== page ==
Richard Leadbetter as you probably know (through my many ramblings) is a legend to many people. Having worked for such ‘Golden Age’ publications as CVG, Mean Machines, Official Sega Saturn Magazine and MAXIMUM, Rich epitomises the characteristics of video game journos at the time – that they were extremely close to their readership.
Having found time away from his busy work schedule as co-founder of Digital Foundry, Rich was able to answer some hastily put together questions that revolved around various issues. Many thanks once again for your time Rich.
[Toops] Q1 – What was the biggest motivation for you while working on the various EMAP video game publications?
[Rich] Basically to live up to the best games mags of that era – Newsfield publications like ZZAP!64 and the Rignall era of Computer and Video Games. If I could speak to the new generation of gamers the way those mags spoke to me, I knew I’d be on to a good thing. As my career at EMAP progressed, I think the mistake was to make the magazines I wanted to read rather than living up to that original ethos. So while MAXIMUM had a dedicated fanbase, that audience simply wasn’t big enough. I refocused somewhat when I moved on to SEGA SATURN MAGAZINE and got the balance right there, but it was down to Paul Davies and his CVG team to produce the definitive games mag of the mid to late 90s.
Q2 – How often do you reflect back on your days at EMAP and which publication can you honestly say you had the most fun?
This one’s easy – back when I first started on C+VG and MEAN MACHINES. I’d spent years reading the mags by the likes of Jaz Rignall and Paul Glancey and here I was working side-by-side with them. Looking back, I was almost completely clueless and got by through sheer enthusiasm and some modicum of talent, but I took the opportunity to learn from those guys and developed the necessary skills at a rapid pace. The work was often back-breakingly hard and intense, and you tended to get all the shitty jobs, but I was seeing all the games first, on every system, and talking about them and playing with my boyhood heroes. How cool is that? Crappy jobs like sorting out the sacks of mail we’d get every day (and we did) were no problem at all bearing in mind all the perks. Thinking about it, another thing that added to the fun factor was the fact that Jaz and Paul really made an effort to reach out and include you in out-of-work stuff as well to the point where 20 years on, we’re still good mates. I might not see Jaz for a couple of years at a time since he lives in the USA, but when we meet up, within five minutes we’re back in the MEAN MACHINES era.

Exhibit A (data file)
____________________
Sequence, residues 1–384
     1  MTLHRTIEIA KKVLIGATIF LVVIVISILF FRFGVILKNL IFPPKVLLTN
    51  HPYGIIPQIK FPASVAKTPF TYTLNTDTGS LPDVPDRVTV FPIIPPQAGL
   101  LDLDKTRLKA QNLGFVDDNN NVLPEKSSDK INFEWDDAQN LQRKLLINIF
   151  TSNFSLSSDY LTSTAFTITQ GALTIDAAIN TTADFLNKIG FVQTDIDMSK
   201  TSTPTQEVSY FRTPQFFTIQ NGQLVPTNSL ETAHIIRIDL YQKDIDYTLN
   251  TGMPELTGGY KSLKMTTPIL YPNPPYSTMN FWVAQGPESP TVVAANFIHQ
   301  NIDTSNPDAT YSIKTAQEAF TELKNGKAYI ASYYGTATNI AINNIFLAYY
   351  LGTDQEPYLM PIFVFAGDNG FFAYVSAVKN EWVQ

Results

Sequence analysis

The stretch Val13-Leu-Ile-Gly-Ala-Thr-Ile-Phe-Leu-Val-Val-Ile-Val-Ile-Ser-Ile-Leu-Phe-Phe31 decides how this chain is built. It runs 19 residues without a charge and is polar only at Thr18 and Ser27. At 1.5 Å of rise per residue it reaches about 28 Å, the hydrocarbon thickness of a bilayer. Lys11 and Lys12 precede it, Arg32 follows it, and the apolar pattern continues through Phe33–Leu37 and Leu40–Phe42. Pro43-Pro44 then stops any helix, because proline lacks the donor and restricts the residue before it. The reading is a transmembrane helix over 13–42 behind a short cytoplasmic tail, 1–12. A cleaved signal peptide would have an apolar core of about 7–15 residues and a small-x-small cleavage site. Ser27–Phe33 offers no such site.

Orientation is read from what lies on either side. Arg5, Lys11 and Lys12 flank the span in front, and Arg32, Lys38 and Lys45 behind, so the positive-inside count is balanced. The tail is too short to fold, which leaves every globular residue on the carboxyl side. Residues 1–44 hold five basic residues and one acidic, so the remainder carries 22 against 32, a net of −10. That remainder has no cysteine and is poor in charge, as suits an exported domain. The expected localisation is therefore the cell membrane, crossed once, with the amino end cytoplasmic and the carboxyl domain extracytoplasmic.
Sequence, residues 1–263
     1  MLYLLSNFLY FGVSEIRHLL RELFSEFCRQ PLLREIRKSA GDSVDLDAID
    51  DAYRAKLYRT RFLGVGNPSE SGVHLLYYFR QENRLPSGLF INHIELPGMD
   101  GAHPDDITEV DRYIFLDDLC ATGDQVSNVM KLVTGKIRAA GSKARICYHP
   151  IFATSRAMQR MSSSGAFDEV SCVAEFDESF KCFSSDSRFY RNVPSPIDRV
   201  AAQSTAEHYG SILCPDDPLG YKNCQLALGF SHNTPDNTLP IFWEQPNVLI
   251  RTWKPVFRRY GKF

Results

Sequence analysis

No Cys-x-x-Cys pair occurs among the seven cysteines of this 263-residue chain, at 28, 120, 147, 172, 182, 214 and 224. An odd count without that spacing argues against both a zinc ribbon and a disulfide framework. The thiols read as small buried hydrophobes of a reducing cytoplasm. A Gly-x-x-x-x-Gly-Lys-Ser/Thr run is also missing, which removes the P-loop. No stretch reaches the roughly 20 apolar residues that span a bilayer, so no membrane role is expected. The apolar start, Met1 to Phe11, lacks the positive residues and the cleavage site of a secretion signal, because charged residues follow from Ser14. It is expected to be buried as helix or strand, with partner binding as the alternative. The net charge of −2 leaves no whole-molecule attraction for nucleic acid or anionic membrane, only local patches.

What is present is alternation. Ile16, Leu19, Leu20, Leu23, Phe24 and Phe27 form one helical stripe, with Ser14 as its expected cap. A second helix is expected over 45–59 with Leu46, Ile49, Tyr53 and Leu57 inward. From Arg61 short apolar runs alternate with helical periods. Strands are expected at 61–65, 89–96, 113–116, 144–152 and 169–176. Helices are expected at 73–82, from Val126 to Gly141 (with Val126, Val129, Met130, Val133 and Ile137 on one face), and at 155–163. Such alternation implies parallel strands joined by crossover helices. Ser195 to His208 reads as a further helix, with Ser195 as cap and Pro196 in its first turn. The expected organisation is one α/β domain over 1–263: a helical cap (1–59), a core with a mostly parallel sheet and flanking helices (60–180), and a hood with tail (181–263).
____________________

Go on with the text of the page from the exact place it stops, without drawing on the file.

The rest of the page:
Q3 – What does Digital Foundry do exactly and how has yours and Gary Harrod’s experience working in video game journalism helped to create the company’s overall direction?
Digital Foundry has evolved over the years – dramatically so. It started out as a means to bring our editorial and production skills to the games industry, and we were very successful in producing some superb DVDs for the likes of Ubisoft, EGM and the official Nintendo mag. But in 2005 and with the upcoming arrival of the Xbox 360, we knew that DVD wasn’t the way forward: HD video was.
The only problem was, there was no direct “plug and play” means to record HD video at that point, so we basically went out and created our own solution. We did a fair bit of work on early Xbox Live trailers and event presentations, but it soon became apparent that the games media, developers and publishers were more interested in our tech than our services, so the core of our business shifted to selling the kit we’d invested so much time and money into. These days, many of the top studios, and even big corporate entities like AMD use Digital Foundry kit.
I started blogging about games based on the videos we’d acquired with our kit and the DF tech blog kicked off. Tom Bramwell at Eurogamer saw the potential and in May last year, the blog was incorporated into his site and it’s been enormously successful.
The gradual shift in our focus means that unfortunately I don’t work with Gary Harrod so much these days, though he’s doing extremely well producing artwork for Square-Enix in Europe amongst other things.
Q4 – Did you actually keep copies of the magazines you contributed to or was it a case of having to create them and quickly forget?
I didn’t and I kind of regret it. I only have a few MAXIMUMs, and a few SSMs. Though I did get a complete set of the original MEAN MACHINES from eBay. The problem is one of storage really. I’ve nowhere to pu them. There’s a guy called Meppi who is scanning all my old mags and his PDFs are great. However, I do wish I had a complete set in physical form. (I’m sure there’s a kind soul out there that could help – Toops)